Hillsborough commissioners vote to draft a transportation tax ordinance
The Hillsborough County Commission voted in favor of a 1% transportation surtax ordinance that will be drafted by the county attorney’s office and potentially land on the November ballot.
Hillsborough County has once again made a move to bolster public transportation and infrastructure.
The latest decision comes after the Florida Supreme Court struck down a Hillsborough County transportation sales tax that was passed with 57% of the vote back in 2018.
On March 23, the Hillsborough County Commission voted 6-1 in favor of a new 1% surtax intended to improve the overall quality of existing infrastructure, as well as fund new projects.
Vik Bhide, director of the mobility department for the city of Tampa, says the region is sorely in need of better public transportation.
“Transportation is kind of the Achilles’ heel of this region," Bhide said. "It's what's holding us back, because transportation improves quality of life, and transportation is critical to access to jobs.”
He added that the city is only going to continue growing, which further amplifies the need for improved public transportation.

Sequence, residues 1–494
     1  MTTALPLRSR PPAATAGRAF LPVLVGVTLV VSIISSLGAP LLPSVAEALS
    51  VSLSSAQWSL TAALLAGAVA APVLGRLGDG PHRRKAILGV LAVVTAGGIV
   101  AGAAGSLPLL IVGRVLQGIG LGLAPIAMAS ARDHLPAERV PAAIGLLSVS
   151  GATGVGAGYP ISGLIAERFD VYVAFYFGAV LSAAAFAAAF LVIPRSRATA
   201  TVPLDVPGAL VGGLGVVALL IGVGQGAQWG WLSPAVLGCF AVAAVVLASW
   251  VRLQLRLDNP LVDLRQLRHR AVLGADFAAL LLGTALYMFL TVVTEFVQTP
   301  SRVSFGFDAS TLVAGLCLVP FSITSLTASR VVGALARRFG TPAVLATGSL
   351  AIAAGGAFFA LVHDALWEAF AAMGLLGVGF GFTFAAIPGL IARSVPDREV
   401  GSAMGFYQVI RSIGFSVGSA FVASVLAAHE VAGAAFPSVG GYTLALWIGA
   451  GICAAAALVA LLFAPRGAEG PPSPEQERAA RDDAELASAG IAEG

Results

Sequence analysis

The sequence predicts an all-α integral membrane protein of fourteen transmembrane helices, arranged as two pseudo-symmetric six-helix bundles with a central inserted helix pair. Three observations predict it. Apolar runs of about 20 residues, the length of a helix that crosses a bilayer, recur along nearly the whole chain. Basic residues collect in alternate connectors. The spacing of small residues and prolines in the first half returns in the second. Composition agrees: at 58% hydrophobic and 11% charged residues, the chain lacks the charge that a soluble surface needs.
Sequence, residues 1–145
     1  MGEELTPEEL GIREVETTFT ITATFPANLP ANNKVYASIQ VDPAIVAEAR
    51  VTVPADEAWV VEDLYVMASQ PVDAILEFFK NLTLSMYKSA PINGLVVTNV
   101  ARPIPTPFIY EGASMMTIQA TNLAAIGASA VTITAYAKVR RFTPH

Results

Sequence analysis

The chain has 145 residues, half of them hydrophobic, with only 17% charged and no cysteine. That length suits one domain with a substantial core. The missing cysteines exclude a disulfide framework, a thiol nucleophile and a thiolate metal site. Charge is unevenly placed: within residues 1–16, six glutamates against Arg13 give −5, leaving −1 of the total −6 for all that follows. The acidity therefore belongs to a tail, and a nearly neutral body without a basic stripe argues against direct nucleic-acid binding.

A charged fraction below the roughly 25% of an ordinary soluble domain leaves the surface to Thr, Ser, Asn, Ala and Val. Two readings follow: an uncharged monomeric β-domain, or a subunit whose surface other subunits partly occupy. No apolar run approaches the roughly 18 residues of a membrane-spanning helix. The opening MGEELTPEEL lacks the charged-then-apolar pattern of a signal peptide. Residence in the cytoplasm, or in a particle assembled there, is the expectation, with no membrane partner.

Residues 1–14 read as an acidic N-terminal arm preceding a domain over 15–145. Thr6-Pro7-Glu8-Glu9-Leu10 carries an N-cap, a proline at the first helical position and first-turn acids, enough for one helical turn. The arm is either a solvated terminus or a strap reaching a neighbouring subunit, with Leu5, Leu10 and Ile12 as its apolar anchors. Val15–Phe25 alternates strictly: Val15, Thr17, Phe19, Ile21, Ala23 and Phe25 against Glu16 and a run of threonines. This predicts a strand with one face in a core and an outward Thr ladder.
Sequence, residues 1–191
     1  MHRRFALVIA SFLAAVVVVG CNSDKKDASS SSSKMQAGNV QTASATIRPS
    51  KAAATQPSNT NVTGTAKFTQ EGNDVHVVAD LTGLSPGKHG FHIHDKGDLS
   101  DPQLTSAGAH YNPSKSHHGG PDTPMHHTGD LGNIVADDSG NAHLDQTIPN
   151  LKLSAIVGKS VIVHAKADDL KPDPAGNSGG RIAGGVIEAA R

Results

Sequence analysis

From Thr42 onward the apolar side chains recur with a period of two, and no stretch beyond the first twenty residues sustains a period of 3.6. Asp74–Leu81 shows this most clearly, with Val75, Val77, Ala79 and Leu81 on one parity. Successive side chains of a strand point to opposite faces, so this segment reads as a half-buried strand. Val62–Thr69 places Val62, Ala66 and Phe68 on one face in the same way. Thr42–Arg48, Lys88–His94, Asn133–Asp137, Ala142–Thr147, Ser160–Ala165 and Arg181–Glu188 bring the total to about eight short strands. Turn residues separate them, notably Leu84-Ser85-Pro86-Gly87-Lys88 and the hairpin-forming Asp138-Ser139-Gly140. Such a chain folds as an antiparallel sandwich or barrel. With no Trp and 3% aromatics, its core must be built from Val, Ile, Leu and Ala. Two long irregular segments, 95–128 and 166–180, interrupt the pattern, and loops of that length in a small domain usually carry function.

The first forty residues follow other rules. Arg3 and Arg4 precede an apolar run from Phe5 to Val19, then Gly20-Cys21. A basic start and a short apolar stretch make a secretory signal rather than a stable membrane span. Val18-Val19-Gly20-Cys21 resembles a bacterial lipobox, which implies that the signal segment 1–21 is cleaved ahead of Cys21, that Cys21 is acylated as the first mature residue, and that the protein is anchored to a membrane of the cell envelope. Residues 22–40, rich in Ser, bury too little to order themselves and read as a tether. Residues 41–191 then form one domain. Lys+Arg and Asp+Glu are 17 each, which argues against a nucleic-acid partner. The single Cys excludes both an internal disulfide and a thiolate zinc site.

“In the city of Tampa alone, over the next 20 years, we’re going to see an increase of 250,000 jobs,” Bhide said. “Only about 20% of those jobs will be Tampa residents.”
Lynda Remund, CEO of the Tampa Downtown Partnership, agrees.
“The one thing that we lack is some type of multimodal transportation system that goes east, west, north, south, and kind of connects everybody. Right now we have to rely on our roads, and that's not getting any better,” Remund said.
Bhide also said the surtax is needed because of the county’s inability to receive funding from the federal government via programs like “Build Back Better” due to a lack of local revenue.
“Unfortunately, a majority of this funding is competitive and requires matching funds, and we don’t have those matching funds either. So that’s a big reason we need to have local funds,” Bhide said.
If passed, 45% percent of the money collected would be allocated to the HART Bus program. The remainder would be distributed to a variety of different projects, including improvements to current infrastructure, which Bhide says is “crumbling.”
Bhide said other projects would target another “big need” — safety.
According to Bhide, Tampa is ranked among the top 10 least safe areas in the nation for bicyclists, pedestrians, and motorists.
Earlier this month, the city became the latest metropolitan area to sign onto the “Vision Zero” strategy, which aims to eliminate severe injuries and deaths on the road, while increasing mobility for everyone.